The model that I suggest you might like to use when structuring your presentations was developed by Dr. Bernice McCarthy a world leading researcher, academic and educationalist. Dr. McCarthy drew on the various theories of adult learning proposed by psychologists and theorists throughout the ages such as Carl Jung, Jean Piaget, Kurt Lewin and David Kolb. She was passionate about both the diversity of learning styles and the various needs of the different learners in one classroom. In other words, she felt strongly that not all learners should be presented to in the same way. She created an instructional system that addresses the intrinsic needs of all audience types.
Dr. McCarthy called her model the 4Mat System (see figure 3.1). The 4Mat System recognises that individuals need to have four key questions answered (see below). In some cases the questions are explicit and known by the audience members and the presenter. In other cases the questions are more virtual in nature and therefore not yet conscious for either the presenter or the audience members. In most cases, by virtue of their personality and preferred learning style, audience members will be more likely to ask one of these four questions. In order to be convinced by your argument, they will need to have their primary question answered. This is not to say that they will not be interested in the other questions too. In order to capture the hearts and minds of all audience members, you will need to be sure that your presentation answers all four questions in a given order.
The four key questions to address in the audience-focused model are:
- Why? The audience member has a need to clarify the context and rationale.
- What? The audience member has a need to identify the detail of what is to be learnt.
- How? The audience member has a need to explore how to use and apply what is learned.
- What if? / What else? The audience member needs to know the alternatives for the new information so they can modify, adapt and create new contexts. They also need to know what will happen if they do and don’t take the action you have suggested.
How to use the four questions in your presentation
“All real change involves major uncertainty, and we cannot deny the questioning time to others simply because we have already answered the questions for ourselves.” Bernice McCarthy (creator 4Mat method).
Let’s take a look at what you’d include in each of the 4Mat System quadrants so you can be sure to use the model as effectively as possible.
The question Why? is asked by most audience members at the beginning of presentations or meetings. When you answer Why? for your audience, you are helping them gain personal meaning and connect new information with personal experience. It helps your audience to establish the usefulness of the information in their lives. You are addressing questions like: Why should I listen? What’s in it for me? Why is this relevant to me in my life? When you answer the Why? question early in your presentation, you will engage people and they will be more motivated and inspired to listen to the rest of your message.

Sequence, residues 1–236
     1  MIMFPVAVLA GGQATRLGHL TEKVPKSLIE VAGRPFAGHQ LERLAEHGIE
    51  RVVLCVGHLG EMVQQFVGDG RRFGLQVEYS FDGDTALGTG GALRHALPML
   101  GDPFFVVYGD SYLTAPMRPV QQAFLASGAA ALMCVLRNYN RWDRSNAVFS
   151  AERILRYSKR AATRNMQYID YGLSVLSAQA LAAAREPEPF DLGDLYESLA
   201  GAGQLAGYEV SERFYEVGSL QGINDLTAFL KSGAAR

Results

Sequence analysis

The question What? is answered next to deepen your audience members’ understanding of concepts and processes. This is where you deliver the facts, figures, data, information and statistics in your presentation. It’s also where you must remember to explain your credibility and the evidence that supports your information. You would answer questions at this point for your audience such as: What is the definition of this subject matter? What do I know about this? What analysis or research has been conducted to come to this conclusion? What are the facts of the matter? I think you will agree that this is the most commonly answered question in most business presentations.
You need to answer the question How? after you have answered What? This is where you explain the steps and the application of the content you have covered in the What? section of your presentation. You can facilitate concrete, experiential learning activities where your audience can get in and try it. You would specifically answer such questions as: How does it work? How do I install it? How will I implement it? How will I use it? How can I apply it? How will we make this happen?
What if? What else?
The questions What if? and What else? are the final questions you should answer in your presentations. This is where you add your extra thoughts and information. It is where you tie up all the loose ends and remind your audience about your key messages. It’s also where you give the audience a chance to explore some of their questions in a question and answer session, and then close for action. Take the opportunity in this section to look outside the square for possibilities by answering questions such as, What if we did it this way instead? What else can we do to maximise the return on investment? What if XYZ happens##—##what will we do? What if we don’t do this at all? What if we do give it a try?
The presenter who can move effortlessly through the various questions in the 4Mat System is the presenter who will elegantly address the needs of their entire audience and be more likely to achieve results.
Do you always have to address the four questions in the 4Mat System in the same order?
Yes, you should answer the questions in the order presented here:
- What if? or What else?